My poetry focuses on chronic pain, disability, and how to remain strong in the face of bodily challenges. I was born with a rare skeletal dysplasia that’s caused more mobility issues as I’ve grown older, so I have a lot of material to work through in my writing. For me, writing is cathartic. It’s a way I can understand (or try to understand) my pain. Most of the poems in On that one-way trip to Mars dealt with disability or pain in some way, even if it was not always completely obvious. Many of the space poems included a sense of sadness that people with disabilities may not ever become astronauts or explore the stars. (Some of these poems include: “On that one-way trip to Mars,” “Application to NASA,” “Short curve,” “Short curve II,” “Scoliosis,” “Crumb-sized,” “Body remembers,” and “A speck of pain”).
ON THAT ONE-WAY TRIP TO MARS
If I didn’t have a bone disorder
I would go to Mars
and never come back.
I would go to Mars,
send an application to NASA,
tell them my coding is so-so,
I’ve never peered into a robot’s circuitry
but I’d like to learn how.
I would go to Mars,
someone who has to
look and write and revise
to understand. Someone who believes
there’s other life out there,
not because of scientific proof
or a god told me, but because I want
humanity to feel less lonely.
I would go to Mars and send back news
of the Sols. I’d create the first
Martian newspaper, publish
the first book of Martian poetry,
paint the Martian soil with my words.
I would go to Mars if I wasn’t too short
for NASA’s height restrictions.
I’d tell them you can fit more short people
into a rocket. Don’t worry
about my bone deterioration rate,
I had arthritis at 13. Walked like an old lady
at 20. It’d be nice to float
and give my bones a break.
I would go to Mars
if I didn’t have bones
clicking against each other
if I was a jellified blob. If the genetic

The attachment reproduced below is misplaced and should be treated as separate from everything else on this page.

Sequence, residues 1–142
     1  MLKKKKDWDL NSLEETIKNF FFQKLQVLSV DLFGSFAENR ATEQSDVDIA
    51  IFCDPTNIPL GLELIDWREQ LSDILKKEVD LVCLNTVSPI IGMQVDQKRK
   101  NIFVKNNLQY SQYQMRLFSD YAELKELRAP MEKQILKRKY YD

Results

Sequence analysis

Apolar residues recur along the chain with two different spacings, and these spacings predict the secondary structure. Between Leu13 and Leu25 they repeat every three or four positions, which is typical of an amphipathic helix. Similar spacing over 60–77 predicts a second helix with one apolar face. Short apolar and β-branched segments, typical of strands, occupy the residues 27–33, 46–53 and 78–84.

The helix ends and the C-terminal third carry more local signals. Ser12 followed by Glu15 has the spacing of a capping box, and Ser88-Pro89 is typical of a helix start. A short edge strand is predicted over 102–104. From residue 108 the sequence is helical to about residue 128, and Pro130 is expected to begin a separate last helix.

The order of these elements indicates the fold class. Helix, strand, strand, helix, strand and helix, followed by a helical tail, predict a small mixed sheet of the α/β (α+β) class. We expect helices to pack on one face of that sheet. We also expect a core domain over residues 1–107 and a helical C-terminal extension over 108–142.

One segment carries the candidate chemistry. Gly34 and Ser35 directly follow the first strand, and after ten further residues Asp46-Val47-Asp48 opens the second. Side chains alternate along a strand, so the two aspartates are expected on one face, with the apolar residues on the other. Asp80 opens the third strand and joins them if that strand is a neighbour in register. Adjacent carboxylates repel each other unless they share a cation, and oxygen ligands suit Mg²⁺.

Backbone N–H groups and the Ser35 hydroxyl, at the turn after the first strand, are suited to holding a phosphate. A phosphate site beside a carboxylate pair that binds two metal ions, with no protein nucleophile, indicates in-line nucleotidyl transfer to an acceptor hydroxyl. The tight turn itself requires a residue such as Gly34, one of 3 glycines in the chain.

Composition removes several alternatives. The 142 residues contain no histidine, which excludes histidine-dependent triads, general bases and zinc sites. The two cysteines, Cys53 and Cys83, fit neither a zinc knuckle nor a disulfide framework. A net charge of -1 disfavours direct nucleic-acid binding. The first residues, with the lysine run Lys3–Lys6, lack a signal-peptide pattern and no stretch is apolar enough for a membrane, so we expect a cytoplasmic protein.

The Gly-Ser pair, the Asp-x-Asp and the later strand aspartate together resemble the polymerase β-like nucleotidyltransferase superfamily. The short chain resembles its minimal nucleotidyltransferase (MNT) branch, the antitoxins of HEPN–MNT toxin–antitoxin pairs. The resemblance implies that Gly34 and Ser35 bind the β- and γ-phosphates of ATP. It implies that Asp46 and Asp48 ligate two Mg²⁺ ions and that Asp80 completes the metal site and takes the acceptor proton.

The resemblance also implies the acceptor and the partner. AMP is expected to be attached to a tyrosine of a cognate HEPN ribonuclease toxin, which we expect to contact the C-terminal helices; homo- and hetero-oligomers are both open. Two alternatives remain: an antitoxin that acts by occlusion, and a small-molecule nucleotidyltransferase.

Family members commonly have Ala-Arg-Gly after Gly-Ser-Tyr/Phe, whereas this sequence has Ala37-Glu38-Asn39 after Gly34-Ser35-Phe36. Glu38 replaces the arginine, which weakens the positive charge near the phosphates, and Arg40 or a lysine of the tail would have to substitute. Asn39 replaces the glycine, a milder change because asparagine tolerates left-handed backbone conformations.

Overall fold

letters within me
didn’t spell out feeble,
different, unfit for space travel.
A lot of my work also explores gender, sexuality, and feminism. I have several poems describing periods (“On it”), a historical period piece (heh) where women throughout history experience menstruation differently (“On it II”), and in my newest collection I have a piece titled “It should be called womenstruate.” I feel very connected to periods and my body as a woman. I believe in self-love, and that comes out in my poetry. In On that one-way trip to Mars and forthcoming Crumb-sized, I also explore bisexuality and queerness in various poems and extended metaphors (including in: “Star searcher,” “Bedroom constellation,” “I want to date an astronomer,” “Exhibit exploration,” and “At 13 I lived in the forest”).
These themes commingle and also have their own poems, in my work. I can’t separate the fact that I’m a disabled bisexual woman -- not only a woman or someone who’s disabled or queer. I’m all three, at the same time. This reminds me of when we fill out census forms -- people aren’t broken up into categories in real life; we live in the intersections. And that’s how I try to write my poetry.
My astronomer forgets
to eat dinner,
the gaseous stars fill her up.
If I had 62 percent
more gravity, would she revolve
in my downward force.
She scrutinizes starlight,
it keeps her up at night.
Presses her face to scoped pinholes
to see tens of trillions of miles away.
She names constellations
and ones that don’t
exist yet. Name me tonight.